New generations of bio-inspired robots will be more than just inspired by nature — they may use actual biological components. Bioengineers at MIT have genetically modified muscle cells to respond to light, which could be used to make easily controllable robot muscles that look and act like the animals on which they're based.
This is the first time tough, powerful skeletal muscle has been modified to react to light. Optogenetics researchers have done it with cardiac cells, which are already primed to beat on their own — now skeletal muscle, which normally requires some outside stimulus, can contract and expand at the command of light bursts. Harry Asada, an engineering professor at MIT, said it's more effective and less bulky than stimulating muscle with electrodes, especially for a robotics system where light weight and mobility are key.
Optogenetics entails introducing new genes into cells that make them react to a pulse of light, usually short bursts of laser light. Asada's team worked with myoblasts, cultures of skeletal muscle cells, to express a light-activated protein. They combined several myoblasts into long muscle fibers and exposed them to 20-millisecond pulses of blue light. In the video below, the blue dot represents the pulses, and you can see the fibers contract in response. A targeted burst of light makes one fiber contract, while a more diffuse beam can make the whole sheet move.
What's more, the engineered muscle is pretty tough — to test its force, the team attached strips of muscle fiber to two tiny flexible posts inside a microwell. As the fibers contract, they pul the posts together, allowing the researchers to calculate its force. This could even be used as an artificial muscle gym, flexing the fibers to keep them in top shape.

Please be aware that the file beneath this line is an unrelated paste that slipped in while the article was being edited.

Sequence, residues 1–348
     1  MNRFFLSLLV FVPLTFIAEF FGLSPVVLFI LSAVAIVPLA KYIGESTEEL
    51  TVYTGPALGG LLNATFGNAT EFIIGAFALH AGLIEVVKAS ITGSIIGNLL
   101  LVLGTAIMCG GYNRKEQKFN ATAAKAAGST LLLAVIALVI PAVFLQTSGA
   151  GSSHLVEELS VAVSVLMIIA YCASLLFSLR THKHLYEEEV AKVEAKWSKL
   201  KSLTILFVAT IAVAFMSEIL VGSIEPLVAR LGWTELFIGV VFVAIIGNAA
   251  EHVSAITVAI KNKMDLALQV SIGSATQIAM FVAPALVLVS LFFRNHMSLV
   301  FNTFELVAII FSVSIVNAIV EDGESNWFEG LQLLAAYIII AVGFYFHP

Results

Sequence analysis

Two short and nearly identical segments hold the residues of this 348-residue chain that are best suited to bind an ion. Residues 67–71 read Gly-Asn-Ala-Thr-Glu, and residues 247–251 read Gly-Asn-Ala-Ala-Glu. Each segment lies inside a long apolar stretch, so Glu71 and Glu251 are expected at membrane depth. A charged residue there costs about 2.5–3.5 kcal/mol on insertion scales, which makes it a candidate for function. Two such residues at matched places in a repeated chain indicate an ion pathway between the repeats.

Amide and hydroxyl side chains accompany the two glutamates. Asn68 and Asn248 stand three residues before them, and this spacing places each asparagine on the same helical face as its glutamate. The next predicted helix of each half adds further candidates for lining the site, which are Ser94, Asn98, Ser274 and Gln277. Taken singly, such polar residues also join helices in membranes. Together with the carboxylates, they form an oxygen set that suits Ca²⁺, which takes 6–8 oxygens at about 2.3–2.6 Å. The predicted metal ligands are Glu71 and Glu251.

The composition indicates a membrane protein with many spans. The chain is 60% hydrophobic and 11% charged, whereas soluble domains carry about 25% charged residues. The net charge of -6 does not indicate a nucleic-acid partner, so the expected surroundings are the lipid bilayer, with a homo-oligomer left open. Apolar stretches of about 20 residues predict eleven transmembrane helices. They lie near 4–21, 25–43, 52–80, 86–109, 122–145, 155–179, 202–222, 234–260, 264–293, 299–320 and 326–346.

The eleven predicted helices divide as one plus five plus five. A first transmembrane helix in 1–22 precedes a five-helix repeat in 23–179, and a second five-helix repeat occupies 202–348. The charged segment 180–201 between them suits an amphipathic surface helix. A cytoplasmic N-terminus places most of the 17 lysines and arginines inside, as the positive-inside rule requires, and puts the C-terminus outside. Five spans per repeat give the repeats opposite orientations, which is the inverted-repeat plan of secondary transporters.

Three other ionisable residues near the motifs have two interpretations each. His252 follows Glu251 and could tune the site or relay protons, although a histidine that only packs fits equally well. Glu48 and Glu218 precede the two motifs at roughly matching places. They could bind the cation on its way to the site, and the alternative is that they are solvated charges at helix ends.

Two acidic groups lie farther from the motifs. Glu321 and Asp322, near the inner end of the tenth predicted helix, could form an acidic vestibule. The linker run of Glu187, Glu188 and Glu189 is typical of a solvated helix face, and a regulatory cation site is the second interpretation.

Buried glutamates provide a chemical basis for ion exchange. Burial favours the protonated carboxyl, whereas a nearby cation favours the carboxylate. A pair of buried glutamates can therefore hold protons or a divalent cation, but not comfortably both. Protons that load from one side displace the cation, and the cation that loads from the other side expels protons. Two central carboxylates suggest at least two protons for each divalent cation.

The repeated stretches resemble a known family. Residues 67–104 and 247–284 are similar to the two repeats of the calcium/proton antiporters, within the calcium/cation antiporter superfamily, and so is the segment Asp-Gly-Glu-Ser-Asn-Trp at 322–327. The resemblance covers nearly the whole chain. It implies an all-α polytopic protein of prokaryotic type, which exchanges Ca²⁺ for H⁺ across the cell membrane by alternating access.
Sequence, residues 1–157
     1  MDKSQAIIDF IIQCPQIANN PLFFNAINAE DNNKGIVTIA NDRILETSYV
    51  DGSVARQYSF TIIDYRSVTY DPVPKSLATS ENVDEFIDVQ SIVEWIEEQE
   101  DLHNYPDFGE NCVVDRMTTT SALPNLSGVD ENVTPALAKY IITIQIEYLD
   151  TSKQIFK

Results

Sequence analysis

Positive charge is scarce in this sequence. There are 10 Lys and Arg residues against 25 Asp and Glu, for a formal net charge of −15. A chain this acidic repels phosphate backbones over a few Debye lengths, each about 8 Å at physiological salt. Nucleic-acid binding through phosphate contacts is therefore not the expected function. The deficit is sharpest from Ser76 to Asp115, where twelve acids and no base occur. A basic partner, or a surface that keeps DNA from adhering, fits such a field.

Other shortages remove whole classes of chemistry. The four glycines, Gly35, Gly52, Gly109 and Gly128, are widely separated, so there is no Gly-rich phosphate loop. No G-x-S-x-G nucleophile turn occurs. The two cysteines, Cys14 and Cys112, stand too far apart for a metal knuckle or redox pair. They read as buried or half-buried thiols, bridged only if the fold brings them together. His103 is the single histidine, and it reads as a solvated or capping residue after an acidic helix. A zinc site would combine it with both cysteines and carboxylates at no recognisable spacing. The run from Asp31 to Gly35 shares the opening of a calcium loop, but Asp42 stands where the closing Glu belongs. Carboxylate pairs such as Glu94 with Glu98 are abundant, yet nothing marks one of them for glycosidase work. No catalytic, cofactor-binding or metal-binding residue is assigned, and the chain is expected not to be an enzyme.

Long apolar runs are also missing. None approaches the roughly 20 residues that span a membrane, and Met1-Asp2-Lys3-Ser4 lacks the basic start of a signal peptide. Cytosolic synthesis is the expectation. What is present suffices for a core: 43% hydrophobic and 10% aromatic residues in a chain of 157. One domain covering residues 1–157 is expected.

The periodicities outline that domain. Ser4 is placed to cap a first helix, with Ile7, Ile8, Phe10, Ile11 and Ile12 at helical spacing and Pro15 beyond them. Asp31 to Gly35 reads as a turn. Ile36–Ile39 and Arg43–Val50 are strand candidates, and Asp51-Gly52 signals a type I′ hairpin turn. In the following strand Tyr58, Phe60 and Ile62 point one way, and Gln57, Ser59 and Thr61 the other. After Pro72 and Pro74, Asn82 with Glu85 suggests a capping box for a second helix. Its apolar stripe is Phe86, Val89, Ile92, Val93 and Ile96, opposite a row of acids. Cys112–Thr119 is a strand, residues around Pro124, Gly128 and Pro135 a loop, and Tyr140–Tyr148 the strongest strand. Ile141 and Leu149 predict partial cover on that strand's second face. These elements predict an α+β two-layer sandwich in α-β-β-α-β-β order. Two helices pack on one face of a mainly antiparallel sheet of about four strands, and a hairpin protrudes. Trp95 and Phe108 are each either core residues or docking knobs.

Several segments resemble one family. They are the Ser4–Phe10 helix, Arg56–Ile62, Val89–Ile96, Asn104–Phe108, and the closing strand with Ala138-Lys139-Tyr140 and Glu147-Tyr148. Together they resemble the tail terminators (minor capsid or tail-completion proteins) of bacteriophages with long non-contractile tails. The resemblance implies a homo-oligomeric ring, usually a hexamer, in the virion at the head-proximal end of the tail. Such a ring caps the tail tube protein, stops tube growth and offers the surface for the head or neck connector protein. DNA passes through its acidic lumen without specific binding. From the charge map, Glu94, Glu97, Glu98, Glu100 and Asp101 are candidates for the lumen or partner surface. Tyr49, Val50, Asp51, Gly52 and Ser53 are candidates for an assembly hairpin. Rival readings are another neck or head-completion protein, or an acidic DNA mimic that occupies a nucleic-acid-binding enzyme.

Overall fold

The goal is to use strips of engineered muscle fibers to build flexible, realistic robots, which may swim inside the body's blood vessels or run across a room. "With bio-inspired designs, biology is a metaphor, and robotics is the tool to make it happen," Asada said. "With bio-integrated designs, biology provides the materials, not just the metaphor."
Research on the optogenetic muscle will appear in the journal Lab on a Chip.
I like it! I love it! I want some more of it! Oh yea, cyborgs and skynet is underway!
We really are building the lifeform that will take over for us when we kill ourselves off, piece by piece we lay down the bricks paving the biomechanical lifeforms future. AI, quantum computing, digitally encoded DNA, advances in metallurgy, 3D printing, now working lab grown muscle stucture. We are building our own end.
Playing Devil's Advocate since 1978
"The only constant in the universe is change"
-Heraclitus of Ephesus 535 BC - 475 BC
This is genius. I wonder if the depolarization is as strong as in the normal ion depolarization? If so, this is remarkable! And what conditions are necessary to keep the muscles functional? I'd assume they have to be submerged in an ion-rich solution of some sort, similar to interstitial fluid or blood plasma, but that would be easy. This is seriously amazing. It bridges the gap between an electric organism and a chemical one. This is huge.
I hate you, Robot...
So my glow-bot is still going to have skin right? I just don't really need to see all the happening going on you know.